I have a neighbor, she’s 30 and still lives with her parents. She drives her dead grandmother’s car. She has a child from an unwed situation (not judging, just giving context) and has recently divorced from another man who was belligerent and abusive to her. Her parents ostensively raise her son: she goes out for take-out for one. He’s a good kid, a little shy but really smart and he has a vivid imagination and he’s luckier than hell that his grandparents are young, fit, healthy and gainfully employed. She has a bumper sticker on her dead grandmother’s car, with a red capital A beside the slogan, “Science flies you to the moon. Religion flies you into buildings.” I try not to grit my teeth every time I pass that bumper sticker. I am all for people having their religious views and stating them; but I really have a hard time with the concept of blasting religious views at the expense and denigration of 3,000 innocent people who were murdered on 9/11. Hail Mary.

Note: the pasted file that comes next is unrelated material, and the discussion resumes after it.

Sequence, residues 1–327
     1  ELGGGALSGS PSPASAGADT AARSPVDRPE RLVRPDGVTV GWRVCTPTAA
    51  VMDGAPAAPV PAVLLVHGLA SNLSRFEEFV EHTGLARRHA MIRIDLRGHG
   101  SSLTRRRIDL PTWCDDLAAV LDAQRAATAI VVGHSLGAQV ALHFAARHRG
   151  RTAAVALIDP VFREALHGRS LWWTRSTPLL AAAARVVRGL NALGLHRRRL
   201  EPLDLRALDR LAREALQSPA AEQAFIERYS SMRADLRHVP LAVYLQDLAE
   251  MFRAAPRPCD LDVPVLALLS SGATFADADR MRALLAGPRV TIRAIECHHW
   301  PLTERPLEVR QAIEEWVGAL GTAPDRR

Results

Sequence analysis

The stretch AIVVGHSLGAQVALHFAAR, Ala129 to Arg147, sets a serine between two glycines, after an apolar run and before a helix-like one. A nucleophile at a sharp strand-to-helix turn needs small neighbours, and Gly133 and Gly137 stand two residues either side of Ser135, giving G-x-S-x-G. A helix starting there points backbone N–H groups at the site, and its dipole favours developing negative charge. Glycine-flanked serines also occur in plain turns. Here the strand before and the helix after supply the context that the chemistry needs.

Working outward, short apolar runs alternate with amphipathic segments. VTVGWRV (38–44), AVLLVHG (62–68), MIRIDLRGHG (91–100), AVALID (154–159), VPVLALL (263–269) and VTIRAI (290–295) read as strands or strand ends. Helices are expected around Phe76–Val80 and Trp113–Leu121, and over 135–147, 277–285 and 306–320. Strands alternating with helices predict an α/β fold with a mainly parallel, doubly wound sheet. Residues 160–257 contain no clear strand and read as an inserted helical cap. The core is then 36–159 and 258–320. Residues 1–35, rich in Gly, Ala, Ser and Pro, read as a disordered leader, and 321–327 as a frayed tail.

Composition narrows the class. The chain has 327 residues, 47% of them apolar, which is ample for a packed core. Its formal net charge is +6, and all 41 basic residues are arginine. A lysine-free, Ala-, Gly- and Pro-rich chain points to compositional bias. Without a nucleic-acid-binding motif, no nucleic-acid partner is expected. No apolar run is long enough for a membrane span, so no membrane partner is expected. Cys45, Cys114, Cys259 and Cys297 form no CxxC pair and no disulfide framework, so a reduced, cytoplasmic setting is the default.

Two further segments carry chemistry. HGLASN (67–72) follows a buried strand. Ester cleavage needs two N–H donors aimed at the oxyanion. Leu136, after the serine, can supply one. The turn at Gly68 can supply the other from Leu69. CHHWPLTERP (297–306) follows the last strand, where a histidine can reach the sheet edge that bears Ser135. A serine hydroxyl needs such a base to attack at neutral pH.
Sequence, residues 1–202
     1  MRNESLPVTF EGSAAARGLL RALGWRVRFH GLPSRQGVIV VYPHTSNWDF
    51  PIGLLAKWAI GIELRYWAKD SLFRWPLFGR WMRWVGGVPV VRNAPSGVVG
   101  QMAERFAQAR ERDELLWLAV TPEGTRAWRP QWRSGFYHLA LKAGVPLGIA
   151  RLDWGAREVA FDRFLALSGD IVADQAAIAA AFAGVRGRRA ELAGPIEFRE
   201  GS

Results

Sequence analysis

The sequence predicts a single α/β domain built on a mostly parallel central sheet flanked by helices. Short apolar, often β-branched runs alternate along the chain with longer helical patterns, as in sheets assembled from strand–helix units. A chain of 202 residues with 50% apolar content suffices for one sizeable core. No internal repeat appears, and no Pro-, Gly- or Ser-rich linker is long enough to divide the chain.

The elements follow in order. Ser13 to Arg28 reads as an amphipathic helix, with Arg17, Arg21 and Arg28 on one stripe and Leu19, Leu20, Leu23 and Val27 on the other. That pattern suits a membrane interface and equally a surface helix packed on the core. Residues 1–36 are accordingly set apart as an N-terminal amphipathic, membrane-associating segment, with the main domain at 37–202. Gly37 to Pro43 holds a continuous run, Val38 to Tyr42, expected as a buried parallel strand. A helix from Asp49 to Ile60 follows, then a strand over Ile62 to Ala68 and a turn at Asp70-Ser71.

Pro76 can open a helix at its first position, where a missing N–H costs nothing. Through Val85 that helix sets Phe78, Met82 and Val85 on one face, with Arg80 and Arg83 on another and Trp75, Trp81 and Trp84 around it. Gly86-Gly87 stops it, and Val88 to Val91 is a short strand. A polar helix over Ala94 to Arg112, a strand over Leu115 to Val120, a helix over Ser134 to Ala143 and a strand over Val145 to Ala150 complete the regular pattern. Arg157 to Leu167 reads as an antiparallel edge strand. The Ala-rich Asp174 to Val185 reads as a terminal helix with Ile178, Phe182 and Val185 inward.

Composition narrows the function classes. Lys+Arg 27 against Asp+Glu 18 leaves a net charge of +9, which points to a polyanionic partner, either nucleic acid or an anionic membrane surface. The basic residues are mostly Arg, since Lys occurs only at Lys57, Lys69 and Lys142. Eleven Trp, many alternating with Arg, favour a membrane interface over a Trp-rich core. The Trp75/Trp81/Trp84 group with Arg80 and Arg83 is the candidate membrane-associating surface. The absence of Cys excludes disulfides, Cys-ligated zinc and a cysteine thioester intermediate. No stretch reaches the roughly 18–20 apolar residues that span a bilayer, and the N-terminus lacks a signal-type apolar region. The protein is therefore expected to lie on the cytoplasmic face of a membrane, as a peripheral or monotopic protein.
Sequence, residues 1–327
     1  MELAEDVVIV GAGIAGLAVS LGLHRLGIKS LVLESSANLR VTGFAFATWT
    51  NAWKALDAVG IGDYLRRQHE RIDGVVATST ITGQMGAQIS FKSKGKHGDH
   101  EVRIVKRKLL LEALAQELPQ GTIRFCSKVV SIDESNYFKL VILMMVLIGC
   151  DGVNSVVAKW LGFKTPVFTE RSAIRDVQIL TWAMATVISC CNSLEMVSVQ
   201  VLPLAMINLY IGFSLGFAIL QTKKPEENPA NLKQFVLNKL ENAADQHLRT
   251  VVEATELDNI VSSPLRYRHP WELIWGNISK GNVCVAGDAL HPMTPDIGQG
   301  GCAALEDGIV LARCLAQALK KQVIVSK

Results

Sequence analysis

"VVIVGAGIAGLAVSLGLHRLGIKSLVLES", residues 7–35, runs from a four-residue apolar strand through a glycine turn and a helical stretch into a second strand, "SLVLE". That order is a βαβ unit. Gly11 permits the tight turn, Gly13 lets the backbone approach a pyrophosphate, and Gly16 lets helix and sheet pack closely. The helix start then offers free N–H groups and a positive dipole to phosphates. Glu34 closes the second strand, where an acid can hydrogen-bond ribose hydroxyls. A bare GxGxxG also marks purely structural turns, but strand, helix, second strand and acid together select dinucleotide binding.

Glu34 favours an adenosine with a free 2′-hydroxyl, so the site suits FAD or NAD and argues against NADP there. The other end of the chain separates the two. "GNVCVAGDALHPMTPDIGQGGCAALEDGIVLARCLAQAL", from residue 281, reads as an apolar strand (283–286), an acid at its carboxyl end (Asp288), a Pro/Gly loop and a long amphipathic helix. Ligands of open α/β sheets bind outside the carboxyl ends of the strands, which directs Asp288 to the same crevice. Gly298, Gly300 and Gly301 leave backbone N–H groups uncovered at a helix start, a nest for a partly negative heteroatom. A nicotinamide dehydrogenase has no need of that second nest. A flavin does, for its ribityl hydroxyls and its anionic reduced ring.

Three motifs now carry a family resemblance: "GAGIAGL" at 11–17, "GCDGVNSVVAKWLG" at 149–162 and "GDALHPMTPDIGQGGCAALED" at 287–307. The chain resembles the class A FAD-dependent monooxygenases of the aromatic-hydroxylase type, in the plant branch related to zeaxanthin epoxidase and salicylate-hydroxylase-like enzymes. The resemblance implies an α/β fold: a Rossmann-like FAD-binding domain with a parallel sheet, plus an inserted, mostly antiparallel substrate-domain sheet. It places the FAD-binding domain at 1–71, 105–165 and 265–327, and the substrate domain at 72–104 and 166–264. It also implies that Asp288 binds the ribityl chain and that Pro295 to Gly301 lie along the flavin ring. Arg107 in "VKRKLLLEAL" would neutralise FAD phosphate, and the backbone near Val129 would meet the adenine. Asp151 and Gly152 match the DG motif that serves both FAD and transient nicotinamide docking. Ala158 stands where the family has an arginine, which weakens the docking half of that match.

Monday was not all horrible in my personal universe: I know of two babies that were born that day, a boy and a girl; and I have a dear friend who celebrated her birthday that day as well. I refuse to live in the darkness about this matter; to court the sadness and to see all of this as horror, melancholy and fear.
But the point, right now, at 10:01 on April 17 2013, is that I can’t do this thing justice; I can’t eloquently express my rage and my confusion at a person or entity that has only hate on its mind.
So, I can go back to my hole, my garden and over-prune my hydrangeas. I can whittle a gorgeous euonymus down to a nub in my fear and my frustration. My garden is my labor of love: it’s the place that reminds me every spring that no matter how downtrodden things might seem, there are forces at work, invisible forces, that remind those hosta spears, and fern fiddle heads, lily-of-the-valley pips, bleeding hearts and unwelcome yet justified maple, oak, or poplar saplings to push through the hard, cold, sometimes frozen, compacted and seemingly dead earth only to fight for their survival; to fight for their spot in the sun.